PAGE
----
The Walters Art Museum is pleased to announce the release of a new application programming interface (API). The new API will allow for Internet developers and software programmers to query data from the museum, whose Internet repository contains more than 10,000 digital records of art and artifacts from the museum’s collection. The records include information about the artworks as well as digital images. The museum created the API so developers and programmers can more easily create their own applications that feature the museum’s data and images. The data and images are made available to the public under a public license that facilitates reuse, even for commercial purposes, provided that the museum is cited as the source. The API was produced in partnership with Cheshire Software Solutions.
The API and its documentation are available at http://api.thewalters.org
Along with the release of this API, the Walters Art Museum will host its second annual hackathon, Art Bytes II, where technology and creative communities work together to build programs and applications to enhance the museum experience for visitors. A prototype for the API was developed during the first Art Bytes event. The upcoming ArtBytes hackathon will be at the Walters Art Museum Friday, January 24–Sunday, January 26, 2014. Technologists, innovators, scholars and artists will coalesce into teams in the Walters’ Sculpture Court to design and develop their solutions.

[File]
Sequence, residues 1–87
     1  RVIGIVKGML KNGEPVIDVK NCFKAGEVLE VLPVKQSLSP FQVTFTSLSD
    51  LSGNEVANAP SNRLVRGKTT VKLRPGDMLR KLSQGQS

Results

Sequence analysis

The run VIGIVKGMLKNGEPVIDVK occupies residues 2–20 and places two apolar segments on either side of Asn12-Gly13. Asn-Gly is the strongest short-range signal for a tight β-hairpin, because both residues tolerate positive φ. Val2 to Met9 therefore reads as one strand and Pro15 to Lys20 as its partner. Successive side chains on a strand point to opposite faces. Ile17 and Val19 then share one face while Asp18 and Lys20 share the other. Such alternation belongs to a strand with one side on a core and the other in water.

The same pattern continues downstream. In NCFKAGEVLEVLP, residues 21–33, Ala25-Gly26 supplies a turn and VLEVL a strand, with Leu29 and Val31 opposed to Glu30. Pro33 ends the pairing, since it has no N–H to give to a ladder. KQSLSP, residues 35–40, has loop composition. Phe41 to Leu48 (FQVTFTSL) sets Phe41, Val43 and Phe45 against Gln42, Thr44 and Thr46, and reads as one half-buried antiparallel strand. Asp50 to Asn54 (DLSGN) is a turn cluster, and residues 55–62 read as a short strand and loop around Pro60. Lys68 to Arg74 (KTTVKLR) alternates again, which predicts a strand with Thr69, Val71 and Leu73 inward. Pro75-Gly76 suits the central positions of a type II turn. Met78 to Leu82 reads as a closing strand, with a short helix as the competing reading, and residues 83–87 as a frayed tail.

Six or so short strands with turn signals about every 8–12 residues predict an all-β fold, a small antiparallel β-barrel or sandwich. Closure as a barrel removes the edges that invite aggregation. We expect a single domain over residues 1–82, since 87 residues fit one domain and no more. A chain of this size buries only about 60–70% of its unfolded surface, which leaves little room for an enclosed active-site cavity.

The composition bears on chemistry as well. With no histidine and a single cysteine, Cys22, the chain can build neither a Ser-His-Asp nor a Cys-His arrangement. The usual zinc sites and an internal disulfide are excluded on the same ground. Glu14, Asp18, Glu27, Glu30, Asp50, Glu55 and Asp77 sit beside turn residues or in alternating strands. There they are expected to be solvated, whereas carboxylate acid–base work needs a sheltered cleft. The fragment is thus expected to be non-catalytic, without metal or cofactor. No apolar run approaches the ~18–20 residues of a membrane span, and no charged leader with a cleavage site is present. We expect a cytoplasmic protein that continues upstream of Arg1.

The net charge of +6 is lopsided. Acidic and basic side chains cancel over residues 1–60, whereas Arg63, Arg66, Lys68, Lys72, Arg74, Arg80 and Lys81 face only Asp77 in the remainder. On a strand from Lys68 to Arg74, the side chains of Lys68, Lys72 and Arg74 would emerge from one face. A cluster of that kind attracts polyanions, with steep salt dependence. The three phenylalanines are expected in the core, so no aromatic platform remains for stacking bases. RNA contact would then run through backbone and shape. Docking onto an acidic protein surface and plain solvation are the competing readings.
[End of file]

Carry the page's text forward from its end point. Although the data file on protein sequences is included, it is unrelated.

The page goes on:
To register, visit https://www.eventbrite.com/e/art-bytes-at-the-walters-tickets-9534980383
Participants can suggest ideas and to vote on their favorite suggestions at http://artbytes.uservoice.com/forums/164694-general
About the Walters Museum
The Walters Art Museum is located in downtown Baltimore’s historic Mount Vernon Cultural District at North Charles and Centre Streets. At the time of his death in 1931, museum founder Henry Walters left his entire collection of art – including a legendary collection of illuminated medieval manuscripts that is a national treasure – to the city of Baltimore. Between 1895 and 1931, Walters collected around 730 codices. Its permanent collection includes ancient art, medieval art and manuscripts, decorative objects, Asian art and Old Master and 19th-century paintings. Wyndham Baltimore Peabody Court is the official hotel of the Walters Art Museum.